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Katy Welter Headshot

Put Your Money With a Boring Bank

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Banking is not meant to be exciting. Interest rates, financial statements, title work, and, ugh, regulations won't raise your pulse. When my dad started working for Indiana National Bank in the early 1970's, as he tells it, it was painfully boring. In those days, banks were so highly regulated that bankers were administrators of established practices, not financial innovators. Banks weren't allowed to branch outside of their counties, offer creative products, or, frankly, compete with one another. Credit scores didn't dictate interest rates and securitized subprime mortgages were but a gleam in Wall Street's eye.

Banks -- in those days, much more similar to one another in size -- were stable employers, offering moderate pay, rich insurance benefits, and a conservative corporate culture emphasizing loyalty. The bank I grew up with almost never had a lay-off, but it also awarded only modest bonuses, if at all. This was a small bank in the heart of the steel industry, where a fair number of the bank's employees sought stable pay and health and retire benefits in order to supplement or safety net their spouse's increasingly unsteady work. It was good work, if not terribly exciting.

Even the large banks were once conservative. In the latest journalistic stab at Wall Street, the New York Magazine article, "The Wail of the 1%," reveals, among other things, the transformation of the corporate banking industry. What once was seen as a well-paid, respectable career choice for well-educated individuals -- on par with practicing medicine or law -- Wall Street banking devolved into a "casino culture operating in the financial-services industry." This new high-risk, cortisol-infused industry was spurred by the lure of massive profits, made possible by deregulation of the 1990's.

Meanwhile, many community banks remained, well, boring. Walk into a community bank and ask some employee, anyone at all, why he got into banking. You can bet he won't mention anything about retiring at 40. And if you ask why he stays -- you can expect some kind of response about the security, decent benefits, and good people. Community banking is a straightforward business populated by risk-averse people.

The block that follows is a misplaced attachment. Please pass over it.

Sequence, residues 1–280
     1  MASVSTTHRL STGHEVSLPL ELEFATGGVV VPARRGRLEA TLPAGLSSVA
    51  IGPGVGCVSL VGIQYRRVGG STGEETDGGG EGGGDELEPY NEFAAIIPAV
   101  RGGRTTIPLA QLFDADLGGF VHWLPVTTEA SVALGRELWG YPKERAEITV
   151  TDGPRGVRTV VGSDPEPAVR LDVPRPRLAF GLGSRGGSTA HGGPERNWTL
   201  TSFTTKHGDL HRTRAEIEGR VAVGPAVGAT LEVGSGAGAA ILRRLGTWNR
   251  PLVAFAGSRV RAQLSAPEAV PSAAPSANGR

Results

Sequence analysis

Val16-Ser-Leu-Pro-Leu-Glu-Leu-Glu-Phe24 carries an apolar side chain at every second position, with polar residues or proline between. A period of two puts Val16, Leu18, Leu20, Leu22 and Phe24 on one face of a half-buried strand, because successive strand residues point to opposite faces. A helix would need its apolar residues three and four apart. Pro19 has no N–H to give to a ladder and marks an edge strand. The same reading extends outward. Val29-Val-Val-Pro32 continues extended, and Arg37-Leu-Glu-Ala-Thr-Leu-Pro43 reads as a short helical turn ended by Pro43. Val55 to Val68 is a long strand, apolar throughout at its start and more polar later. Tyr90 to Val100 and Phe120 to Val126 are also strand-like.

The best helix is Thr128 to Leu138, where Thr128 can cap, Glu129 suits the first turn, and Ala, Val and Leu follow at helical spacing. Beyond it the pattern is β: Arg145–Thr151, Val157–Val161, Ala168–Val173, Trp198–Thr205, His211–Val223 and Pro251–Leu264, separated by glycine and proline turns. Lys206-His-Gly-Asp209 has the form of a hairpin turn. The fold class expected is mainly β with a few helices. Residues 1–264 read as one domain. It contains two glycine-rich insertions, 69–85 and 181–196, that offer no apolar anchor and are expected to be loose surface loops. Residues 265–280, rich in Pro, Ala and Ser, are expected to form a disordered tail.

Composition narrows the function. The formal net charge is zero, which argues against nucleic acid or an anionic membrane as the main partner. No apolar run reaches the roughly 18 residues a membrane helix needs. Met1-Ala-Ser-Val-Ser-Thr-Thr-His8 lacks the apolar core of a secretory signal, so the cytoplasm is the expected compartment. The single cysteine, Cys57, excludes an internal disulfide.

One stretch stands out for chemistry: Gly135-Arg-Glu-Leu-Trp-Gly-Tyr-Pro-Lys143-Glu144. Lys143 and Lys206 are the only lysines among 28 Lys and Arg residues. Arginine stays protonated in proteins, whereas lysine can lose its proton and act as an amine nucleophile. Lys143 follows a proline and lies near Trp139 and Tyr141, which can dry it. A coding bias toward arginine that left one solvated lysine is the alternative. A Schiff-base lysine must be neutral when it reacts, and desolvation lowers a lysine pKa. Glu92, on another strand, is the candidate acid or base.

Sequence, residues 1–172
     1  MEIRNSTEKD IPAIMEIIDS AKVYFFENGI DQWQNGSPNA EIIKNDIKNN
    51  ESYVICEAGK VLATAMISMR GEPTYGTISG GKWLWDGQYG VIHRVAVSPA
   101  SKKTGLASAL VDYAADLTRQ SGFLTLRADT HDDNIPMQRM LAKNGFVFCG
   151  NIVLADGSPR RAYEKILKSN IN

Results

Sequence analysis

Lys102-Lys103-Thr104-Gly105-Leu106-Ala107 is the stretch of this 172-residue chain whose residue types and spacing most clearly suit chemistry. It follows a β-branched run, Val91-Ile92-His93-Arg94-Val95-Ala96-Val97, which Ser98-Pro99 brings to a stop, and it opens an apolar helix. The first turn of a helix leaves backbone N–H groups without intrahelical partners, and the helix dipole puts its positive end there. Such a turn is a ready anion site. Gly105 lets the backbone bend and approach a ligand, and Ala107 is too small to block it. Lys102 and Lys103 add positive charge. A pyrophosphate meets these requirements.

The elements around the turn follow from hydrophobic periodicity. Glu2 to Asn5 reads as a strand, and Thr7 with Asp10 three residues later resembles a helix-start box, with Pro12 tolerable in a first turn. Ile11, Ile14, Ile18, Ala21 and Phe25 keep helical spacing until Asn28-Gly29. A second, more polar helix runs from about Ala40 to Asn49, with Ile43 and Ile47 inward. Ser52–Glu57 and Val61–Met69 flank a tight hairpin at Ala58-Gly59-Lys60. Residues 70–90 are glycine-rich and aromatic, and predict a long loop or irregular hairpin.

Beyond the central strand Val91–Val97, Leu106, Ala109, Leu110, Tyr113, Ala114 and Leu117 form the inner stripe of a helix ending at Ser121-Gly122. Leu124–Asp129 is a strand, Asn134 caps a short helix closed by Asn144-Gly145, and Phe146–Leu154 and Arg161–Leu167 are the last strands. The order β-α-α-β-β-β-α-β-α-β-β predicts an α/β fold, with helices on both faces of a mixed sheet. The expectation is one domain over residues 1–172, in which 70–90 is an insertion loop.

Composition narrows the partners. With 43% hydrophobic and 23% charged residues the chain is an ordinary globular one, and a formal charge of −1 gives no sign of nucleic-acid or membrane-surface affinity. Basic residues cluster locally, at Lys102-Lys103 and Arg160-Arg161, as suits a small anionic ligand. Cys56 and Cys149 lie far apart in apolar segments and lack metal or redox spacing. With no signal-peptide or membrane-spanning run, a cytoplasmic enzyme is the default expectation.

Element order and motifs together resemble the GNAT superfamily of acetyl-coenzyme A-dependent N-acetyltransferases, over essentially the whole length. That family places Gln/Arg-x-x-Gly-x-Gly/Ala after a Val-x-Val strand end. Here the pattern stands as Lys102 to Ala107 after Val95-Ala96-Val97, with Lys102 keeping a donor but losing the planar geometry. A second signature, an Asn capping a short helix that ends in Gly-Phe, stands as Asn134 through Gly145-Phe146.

This is not to say that small banks always toe the line. Small bank loan officers, many of whom worked at least partially on commission, made loans straining borrower credibility, and the booming real estate market swept up their tracks. But community bankers -- sensitive to software and compliance costs, but also loyal to old habits -- are typically slow to jump on board with new, often risky, trends. My dad recalls without fondness when home equity loans and second mortgages became more popular. More and more banks had begun to offer these products, and customers began to insist upon them, eager to use home equity to purchase cars, pay their kids' tuition, and deduct the interest from their taxes.

But extending the life of a loan tempts life's uncertainties -- recession, illness, and job loss -- and the practice can be a bad bet for both parties. Particularly bad for the borrower: if you've never looked at an amortization schedule, the bank takes in interest more than 50% of your monthly payment for the first half of the loan term, making it very difficult to earn equity in even a stable real estate market. And each time you increase your debt, that equity is further from reach.

As Paul Krugman pointed out last April, we've been here before. Banking's original heyday preceded the Great Depression, fueling massive personal debt and huge profits for the financial sector (yes, our great-grandparents liked their version of the cash-out refi, too). The federal government then took away the bankers' toys and made banking boring--for the first time. This period of increased regulation didn't see the downfall of the American economy; rather, it saw an economy growing steadily with far less dependence upon Wall Street.

The stock market is up these days, even if employment isn't, and it's easy to forget that, just two years ago, the world was gripped by the fear of America's total economic collapse. Now that was exciting. You don't have to depend upon -- or even want -- Congress to take the fun out of banking again. You can promote a sane, stable, and yet still profitable economy, by moving your money to a local bank. Let the big banks spin the casino wheel with someone else's chips.